A dozen Korean ladies outfitted in pink aprons roll up their sleeves and sterilize their hands with cloths soaked in soju liquor. Then they spend 10 minutes hand-blending steamed sticky rice, yeast dissolved in water and azalea petals, before pouring the mixture into plastic containers. “Don’t forget to put it in the cool shade and stir it every morning and night with a spoon for a week. Think of it as like growing a plant. Those of you who are successful will have your own makgeolli,” said the instructor at the podium.
The group of women – the wives of Korean diplomats – were taking a three-hour lecture on traditional Korean rice wine at the Institute of Traditional Korean Food in downtown Seoul last Tuesday afternoon. What they were making was azalea sticky rice makgeolli.
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A lack of domestic processing plants is preventing Cambodian agriculture exports from directly reaching end-market buyers and allowing its neighbours Thailand and Vietnam to reap the economic benefits of the Kingdom’s harvests, a senior Ministry of Commerce official told delegates at a two-day government-backed trade-facilitation workshop that opened Tuesday.
A dearth of processing plants means that Cambodia’s agricultural industry is neither recognised nor rewarded adequately for its produce, MoC Secretary of State Mao Thora said.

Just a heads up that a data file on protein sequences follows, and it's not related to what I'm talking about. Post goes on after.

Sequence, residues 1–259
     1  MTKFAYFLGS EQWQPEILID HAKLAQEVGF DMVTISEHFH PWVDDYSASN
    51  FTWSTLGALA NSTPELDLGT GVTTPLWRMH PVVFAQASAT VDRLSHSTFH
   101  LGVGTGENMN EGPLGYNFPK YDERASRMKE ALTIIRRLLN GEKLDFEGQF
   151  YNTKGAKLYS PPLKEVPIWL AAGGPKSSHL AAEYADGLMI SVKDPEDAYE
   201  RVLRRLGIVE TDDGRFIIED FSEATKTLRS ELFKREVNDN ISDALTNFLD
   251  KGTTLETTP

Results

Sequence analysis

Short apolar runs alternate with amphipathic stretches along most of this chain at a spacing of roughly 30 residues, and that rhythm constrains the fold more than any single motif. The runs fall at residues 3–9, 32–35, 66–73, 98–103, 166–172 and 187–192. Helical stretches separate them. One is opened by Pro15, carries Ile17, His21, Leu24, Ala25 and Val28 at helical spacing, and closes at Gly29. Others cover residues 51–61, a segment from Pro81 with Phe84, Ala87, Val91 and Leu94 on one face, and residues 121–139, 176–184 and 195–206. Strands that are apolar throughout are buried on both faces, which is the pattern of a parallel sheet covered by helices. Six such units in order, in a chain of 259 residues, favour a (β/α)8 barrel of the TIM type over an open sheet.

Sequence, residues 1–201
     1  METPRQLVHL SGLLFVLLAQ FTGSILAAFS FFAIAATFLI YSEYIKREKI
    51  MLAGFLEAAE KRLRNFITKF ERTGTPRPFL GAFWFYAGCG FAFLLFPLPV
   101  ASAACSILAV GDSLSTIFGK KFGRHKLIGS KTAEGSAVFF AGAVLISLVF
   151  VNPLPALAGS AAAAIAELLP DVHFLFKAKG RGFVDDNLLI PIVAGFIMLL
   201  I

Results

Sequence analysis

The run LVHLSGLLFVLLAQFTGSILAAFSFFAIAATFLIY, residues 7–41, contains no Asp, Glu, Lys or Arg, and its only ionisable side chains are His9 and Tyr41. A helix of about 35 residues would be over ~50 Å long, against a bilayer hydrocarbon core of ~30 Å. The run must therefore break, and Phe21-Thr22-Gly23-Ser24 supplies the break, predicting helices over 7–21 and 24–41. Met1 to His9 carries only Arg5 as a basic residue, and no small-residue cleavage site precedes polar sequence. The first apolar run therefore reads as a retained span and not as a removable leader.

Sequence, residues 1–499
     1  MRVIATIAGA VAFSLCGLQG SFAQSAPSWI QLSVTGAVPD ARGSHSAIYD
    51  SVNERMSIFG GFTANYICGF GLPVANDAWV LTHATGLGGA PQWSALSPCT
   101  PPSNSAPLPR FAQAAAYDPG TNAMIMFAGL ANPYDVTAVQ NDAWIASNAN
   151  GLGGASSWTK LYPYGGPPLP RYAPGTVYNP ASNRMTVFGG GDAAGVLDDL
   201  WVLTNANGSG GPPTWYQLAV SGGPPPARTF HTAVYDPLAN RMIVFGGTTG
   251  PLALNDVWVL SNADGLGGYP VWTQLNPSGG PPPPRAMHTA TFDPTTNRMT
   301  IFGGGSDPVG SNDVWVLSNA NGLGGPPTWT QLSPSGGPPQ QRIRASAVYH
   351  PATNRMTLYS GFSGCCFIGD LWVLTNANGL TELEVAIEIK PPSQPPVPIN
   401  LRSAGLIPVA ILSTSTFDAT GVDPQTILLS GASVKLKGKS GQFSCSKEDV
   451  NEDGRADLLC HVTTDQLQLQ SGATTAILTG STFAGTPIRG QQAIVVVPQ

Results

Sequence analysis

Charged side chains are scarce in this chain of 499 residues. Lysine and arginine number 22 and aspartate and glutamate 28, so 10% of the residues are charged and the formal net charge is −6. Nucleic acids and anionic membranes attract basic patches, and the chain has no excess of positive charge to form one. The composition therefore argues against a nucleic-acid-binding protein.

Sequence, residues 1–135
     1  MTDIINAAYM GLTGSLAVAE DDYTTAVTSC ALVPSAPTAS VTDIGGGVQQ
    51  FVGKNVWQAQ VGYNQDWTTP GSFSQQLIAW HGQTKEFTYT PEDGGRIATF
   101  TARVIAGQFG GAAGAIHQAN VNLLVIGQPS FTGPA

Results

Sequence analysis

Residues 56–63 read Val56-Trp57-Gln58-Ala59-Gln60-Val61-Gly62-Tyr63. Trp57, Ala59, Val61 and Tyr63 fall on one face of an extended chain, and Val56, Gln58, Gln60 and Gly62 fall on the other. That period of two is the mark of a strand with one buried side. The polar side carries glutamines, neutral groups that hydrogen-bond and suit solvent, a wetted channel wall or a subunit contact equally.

He pointed to Cambodia’s cashew nut and cassava industries, which are struggling because processing is done in Vietnam and Thailand before they are sold on to the end-market buyer.
He said Vietnam exported 16,000 tonnes of Cambodian cashew nuts last year, becoming one of the world’s top cashew nut suppliers, while Cambodia was not ranked at all.
Similarly, Cambodian cassava was taken to plants in Thailand and Vietnam, which then sold the produce to China for more than double the buying price.
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SEOUL — South Korea Wednesday opened a kimchi research centre to raise global demand for its iconic dish and for the country’s cuisine in general.
The agriculture ministry said the world kimchi laboratory, sited at the Korea Food Research Institute in Bundang south of Seoul, would undertake detailed research into lactic acids created by fermentation and operate a pilot plant to make prototype foods.
Kimchi is a fermented dish made by mixing pickled cabbage, radish and cucumbers with various spices and condiments.
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TAUCH Tepich Import Export signed an agreement this month to supply 10,000 tonnes of unprocessed paddy worth US$2.3 million to south Vietnam-based firm Tri Mai, said the president of the Cambodian company.
Tauch Tepich said Sunday that it would begin delivery this week.
According to the agreement, Tauch Tepich will supply 1,000 tonnes of paddy a month by water across the K’orm Samnor border crossing in Kandal province.
“We hope Cambodian farmers will get more market opportunities to sell their paddy under this agreement,” he said.
Agricultural analysts say the Kingdom should be taking advantage of rising processing power to add value to the sector rather than shipping raw materials to the likes of Vietnam – a major competitor in agricultural exports – where Cambodia-produced crops are usually processed and sold overseas.
“I think it is better if the company could export rice instead of paddy because it brings greater advantages for the economy,” said Yang Saing Koma, president of the Cambodian Centre for Study and Development in Agriculture.
Read the full story at The Phnom Pneh Post